Referring again to FIG. 2A, a cleat generally designated 108 is mounted between the sprocket chains 48 for movement therewith. As best shown in FIG. 20, cleat 108 is in the form ofa rectangular plate mounted along one edge on a rod 110. Rod 110 is journaled in registering links on sprocket chains 48 and is provided with means (not shown) to resiliently bias the plate 108 into the position shown in FIG. 2A wherein the cleat 108 lies flat with the chains 48. Accordingly, the cleat is moved along the lower flight of sprocket chains 48 over sprocket wheels 46 and onto the upper flight of the chains in a counterclockwise direction indicated by arrow 112. As illustrated in FIGS. 2E, 2D and 2G, a cam 114 is mounted fast on one end of rod 110, that end extending outwardly beyond sprocket chain 48. A stationary rod or projection 116 is mounted in the path of cam 114 just prior to its turn over that sprocket wheel near the left hand edge of opening 98. As illustrated in FIGS. 2D and 2E, cam 114 is so shaped that as its cam surface engages projection 116, it is effective to pivot cleat 108 in the counterclockwise direction upwardly through opening 98.
It will be recalled from FIG. 1A, that the sprocket wheel 47 is driven through the same pulley system 49 which drives the flight bar conveyor 78. The speed ratio between the two is preferably four to three that is, while the flight bars move in the direction of arrow 118 at a speed of 1V2X, the chain 48 is driven around sprocket wheels 46 and 47 in the direction of arrow 112 at a speed of 2X.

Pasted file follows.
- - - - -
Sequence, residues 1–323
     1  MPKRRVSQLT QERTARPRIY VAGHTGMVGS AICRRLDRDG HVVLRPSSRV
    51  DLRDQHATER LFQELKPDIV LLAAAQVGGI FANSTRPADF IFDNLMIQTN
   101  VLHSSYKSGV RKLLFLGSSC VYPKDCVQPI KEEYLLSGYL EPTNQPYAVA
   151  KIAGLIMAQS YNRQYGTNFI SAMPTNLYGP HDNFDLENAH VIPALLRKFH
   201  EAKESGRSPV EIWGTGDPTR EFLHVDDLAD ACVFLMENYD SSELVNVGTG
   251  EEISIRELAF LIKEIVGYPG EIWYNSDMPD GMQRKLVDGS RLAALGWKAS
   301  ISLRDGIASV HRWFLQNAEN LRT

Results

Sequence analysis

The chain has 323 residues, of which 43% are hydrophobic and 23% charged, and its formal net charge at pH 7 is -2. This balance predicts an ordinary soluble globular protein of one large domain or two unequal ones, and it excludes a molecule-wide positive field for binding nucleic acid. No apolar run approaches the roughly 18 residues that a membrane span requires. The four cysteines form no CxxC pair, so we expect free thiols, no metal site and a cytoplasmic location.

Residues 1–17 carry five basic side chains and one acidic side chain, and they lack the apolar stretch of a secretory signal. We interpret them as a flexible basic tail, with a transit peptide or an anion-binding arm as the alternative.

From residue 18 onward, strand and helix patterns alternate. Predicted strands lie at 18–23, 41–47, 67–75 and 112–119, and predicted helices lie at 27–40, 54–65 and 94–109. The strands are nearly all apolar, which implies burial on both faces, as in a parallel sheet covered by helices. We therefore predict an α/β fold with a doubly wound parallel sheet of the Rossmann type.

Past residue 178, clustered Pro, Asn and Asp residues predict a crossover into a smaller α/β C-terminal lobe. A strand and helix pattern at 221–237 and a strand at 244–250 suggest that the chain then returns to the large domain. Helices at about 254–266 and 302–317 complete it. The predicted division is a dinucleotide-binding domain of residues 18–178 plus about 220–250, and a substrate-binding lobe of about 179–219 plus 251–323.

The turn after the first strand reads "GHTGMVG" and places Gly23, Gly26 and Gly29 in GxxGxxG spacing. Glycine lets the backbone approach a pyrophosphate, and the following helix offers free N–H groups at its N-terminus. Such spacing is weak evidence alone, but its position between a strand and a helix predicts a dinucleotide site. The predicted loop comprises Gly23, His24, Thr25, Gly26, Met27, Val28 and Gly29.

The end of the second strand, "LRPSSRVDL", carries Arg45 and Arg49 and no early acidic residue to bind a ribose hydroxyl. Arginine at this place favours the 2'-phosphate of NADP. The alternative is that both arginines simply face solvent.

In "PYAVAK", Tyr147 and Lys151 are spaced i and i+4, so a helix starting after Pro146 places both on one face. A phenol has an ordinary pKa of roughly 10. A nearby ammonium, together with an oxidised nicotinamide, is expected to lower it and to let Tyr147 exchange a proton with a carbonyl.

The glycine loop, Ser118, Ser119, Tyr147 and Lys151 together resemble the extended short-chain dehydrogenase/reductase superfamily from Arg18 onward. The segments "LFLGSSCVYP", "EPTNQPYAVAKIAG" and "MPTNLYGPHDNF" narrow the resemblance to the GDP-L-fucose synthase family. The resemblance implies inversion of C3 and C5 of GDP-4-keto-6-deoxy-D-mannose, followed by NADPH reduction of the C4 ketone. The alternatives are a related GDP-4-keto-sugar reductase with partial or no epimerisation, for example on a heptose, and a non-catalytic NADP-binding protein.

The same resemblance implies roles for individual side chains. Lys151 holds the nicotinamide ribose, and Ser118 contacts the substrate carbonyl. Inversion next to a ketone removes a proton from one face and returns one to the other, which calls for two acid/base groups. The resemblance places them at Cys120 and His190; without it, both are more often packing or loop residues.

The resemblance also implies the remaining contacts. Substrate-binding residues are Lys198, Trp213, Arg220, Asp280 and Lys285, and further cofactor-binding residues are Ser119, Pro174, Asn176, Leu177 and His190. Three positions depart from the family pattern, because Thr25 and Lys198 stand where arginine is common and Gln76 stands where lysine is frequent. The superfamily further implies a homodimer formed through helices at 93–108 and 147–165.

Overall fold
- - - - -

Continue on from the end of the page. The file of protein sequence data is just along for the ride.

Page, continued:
The operation will now be apparent from a consideration of the sequence illustrated in FIGS. 2A-2F. As the carton C moves past the front edge 98a ofthe opening 98 in the dead plate 94 at a speed of lVzX, its front flap 74 falls through the opening (FIG. 2B). Immediately following this occurrence. the cleat 108 which is moving at a speed of 2X passes below the edge 98a of opening 98 and is thus disposed behind the downwardly extending front flap 74. About midway along opening 98 the cleat 108 at its pivot axis engages the front flap 74 and begins pivoting that flap in the clockwise direction as a result of the speed differential between the carton C and the cleat 108 (FIG. 2C). By the time the flap reaches the end of opening 98 it has been pivoted by cleat 108 to a substantially horizontal position (FIG. 2D). At this point, the cam 114 on pivot rod 110 engages the fixed rod 116 and the cleat 108 is momentarily pivoted upwardly in a counterclockwise direction above the plane of the dead plate 94 as illustrated in FIG. 2E. As there shown, the cleat 108, in this position, is effective to lift the flap 74 upwardly sufficiently to clear the rear edge 98b of the opening 98. The advancement ofthe carton C by the flight bar 76 is effective to carry the flap 74 beyond the rear edge 98b of the dead plate 94 whereupon the cam 114 drops off the fixed rod 116 and cleat 108 turns on sprocket wheels 47 and pivots back to its normal position flat with chains 48 (FIG. 2F). In order to provide clearance for cleat 108 during this operation the rear edge 98b of opening 98 is formed with a small recess 986. Also during this operation the spring load side guide bars 100 serve to prevent the carton C from being pushed ahead and away from its associated flight bar 76 when the cleat 108 engages the flat 74.